Bill Clinton addressed a Democratic Party last night that was no longer the party he led 20 years ago, but such are his political skills that he had no trouble winning its heart and—the tricky part—its head.
The heart stuff came easy. The major part of Clinton’s mission was to humanize Hillary, who, he noted rightly, has become a cartoon figure to millions of Americans. The head stuff required convincing Americans, and Bernie Sanders supporters in particular, that Hillary was, as Bill put it, “a change maker.” And so his speech ambled down two parallel tracks: Hillary the mom and Hillary the operational wonk rotated in and out of Bill’s account.
The kind of change-maker Bill described, accurately, is incremental, pragmatic, tactically brilliant. She’s not a movement-builder, a compelling orator, or a progenitor of dreams (save, by example, to girls). Read More.
The unity on display at the Democratic National Convention both Monday and Tuesday nights was nothing short of remarkable. Bernie Sanders has been a radical insurgent all of his political life. He defined himself a democratic socialist and political independent because he could not stomach the corporatized Democratic Party epitomized by the Clintons.
Yet Sanders, working the caucuses, spent his political capital quelling the same radical energy that he had inspired—in favor of unity behind Hillary Clinton. By Tuesday night, he could move the nomination of his rival by acclamation, and the handful of boos from his own hard-core were all but inaudible.
Did Sanders sell out? I don’t think so. Read More.
At some of his speeches in Philadelphia, Bernie Sanders has been met with boos when calling on his supporters to rally behind Hillary Clinton. But at a Tuesday breakfast before the Wisconsin delegation, erstwhile Sanders supporters gave him a standing ovation.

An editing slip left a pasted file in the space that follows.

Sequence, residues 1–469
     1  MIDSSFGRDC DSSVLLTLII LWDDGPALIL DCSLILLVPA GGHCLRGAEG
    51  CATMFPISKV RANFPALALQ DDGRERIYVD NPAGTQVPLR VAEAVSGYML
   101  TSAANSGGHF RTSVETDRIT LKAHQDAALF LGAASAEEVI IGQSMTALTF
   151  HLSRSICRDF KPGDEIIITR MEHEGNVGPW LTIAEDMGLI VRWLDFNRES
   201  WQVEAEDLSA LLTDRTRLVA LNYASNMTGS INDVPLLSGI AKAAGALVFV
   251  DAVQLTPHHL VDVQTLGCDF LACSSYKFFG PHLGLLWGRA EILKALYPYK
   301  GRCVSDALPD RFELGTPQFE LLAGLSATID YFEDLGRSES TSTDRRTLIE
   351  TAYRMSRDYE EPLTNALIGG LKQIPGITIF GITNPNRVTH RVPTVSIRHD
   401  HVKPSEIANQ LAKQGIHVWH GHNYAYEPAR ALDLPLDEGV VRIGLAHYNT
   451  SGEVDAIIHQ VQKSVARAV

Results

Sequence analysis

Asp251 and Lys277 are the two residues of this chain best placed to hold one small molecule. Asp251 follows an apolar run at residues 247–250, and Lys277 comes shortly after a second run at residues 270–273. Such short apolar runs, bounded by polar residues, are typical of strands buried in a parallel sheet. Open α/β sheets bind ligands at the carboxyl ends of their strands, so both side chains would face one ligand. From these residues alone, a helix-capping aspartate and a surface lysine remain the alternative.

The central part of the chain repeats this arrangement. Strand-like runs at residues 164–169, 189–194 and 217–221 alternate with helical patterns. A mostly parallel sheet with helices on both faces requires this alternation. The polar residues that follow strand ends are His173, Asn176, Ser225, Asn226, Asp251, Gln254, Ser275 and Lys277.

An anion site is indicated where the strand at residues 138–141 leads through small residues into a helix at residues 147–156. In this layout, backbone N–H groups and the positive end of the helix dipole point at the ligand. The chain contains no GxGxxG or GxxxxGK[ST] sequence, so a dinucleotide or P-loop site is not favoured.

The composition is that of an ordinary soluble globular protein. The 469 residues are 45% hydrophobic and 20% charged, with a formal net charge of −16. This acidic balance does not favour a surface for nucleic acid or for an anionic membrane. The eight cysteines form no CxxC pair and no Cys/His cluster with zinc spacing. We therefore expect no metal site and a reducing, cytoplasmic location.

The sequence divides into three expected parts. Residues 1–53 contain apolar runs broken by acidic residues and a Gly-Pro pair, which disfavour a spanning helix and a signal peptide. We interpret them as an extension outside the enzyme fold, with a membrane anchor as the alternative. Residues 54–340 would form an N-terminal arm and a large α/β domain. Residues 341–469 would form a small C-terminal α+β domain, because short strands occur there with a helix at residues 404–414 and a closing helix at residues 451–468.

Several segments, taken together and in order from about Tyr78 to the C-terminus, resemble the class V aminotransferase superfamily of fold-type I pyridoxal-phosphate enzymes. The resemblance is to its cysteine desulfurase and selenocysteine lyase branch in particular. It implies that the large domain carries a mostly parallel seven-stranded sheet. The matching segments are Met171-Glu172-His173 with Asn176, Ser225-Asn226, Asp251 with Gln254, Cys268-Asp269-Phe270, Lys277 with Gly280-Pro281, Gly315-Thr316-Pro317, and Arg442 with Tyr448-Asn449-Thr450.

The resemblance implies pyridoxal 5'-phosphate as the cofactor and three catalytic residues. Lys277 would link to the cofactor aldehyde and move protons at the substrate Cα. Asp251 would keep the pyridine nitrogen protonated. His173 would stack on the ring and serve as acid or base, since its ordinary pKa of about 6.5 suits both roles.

The display of unity was all the more striking because Sanders won the Wisconsin primary in April by more than 10 percentage points, and brought nearly 50 delegates from the state with him to Philadelphia. At a state delegation breakfast Tuesday morning to thank his Wisconsin supporters, Sanders reiterated his call for Democrats to vote for Clinton and defeat Donald Trump in the general election.
“We’ve got to elect Secretary Clinton,” Sanders declared. “And we’ve got to stay focused and force every level of government to focus on working people’s issues.” Read More.
When Hillary Clinton picked Virginia Senator Tim Kaine as her running mate last week, there was a predictable collective groan from progressives, particularly Latinos, who had been hoping for a selection more squarely in their camp.
Among those on the final shortlist, Tom Perez had been the clear favorite of many progressives looking for Clinton to shore up her support on the left. During President Obama’s second term, Perez has pushed through a series of labor reforms that have prompted some to hail him as the most important labor secretary since Frances Perkins served under FDR.
Perez’s prolific career in public service, his detail-oriented pragmatism, and his reputation for getting results without compromising his progressive values landed him on a list of finalists that included such white centrist contenders as Kaine and Agriculture Secretary Tom Vilsack. Read More.
For all the discord and angry protests at the Democratic convention in Philadelphia this week, organizers should at least be grateful that most delegates arrived without incident. Had the city’s airport workers not narrowly averted a strike on Sunday, things could have been even more chaotic still, with stranded delegates unable to land in Philadelphia.
In the week leading up to the Democratic National Convention, it had looked all but certain that airport workers at the Philadelphia International Airport would go on strike, creating a travel nightmare for thousands of delegates who had been set to arrive by plane.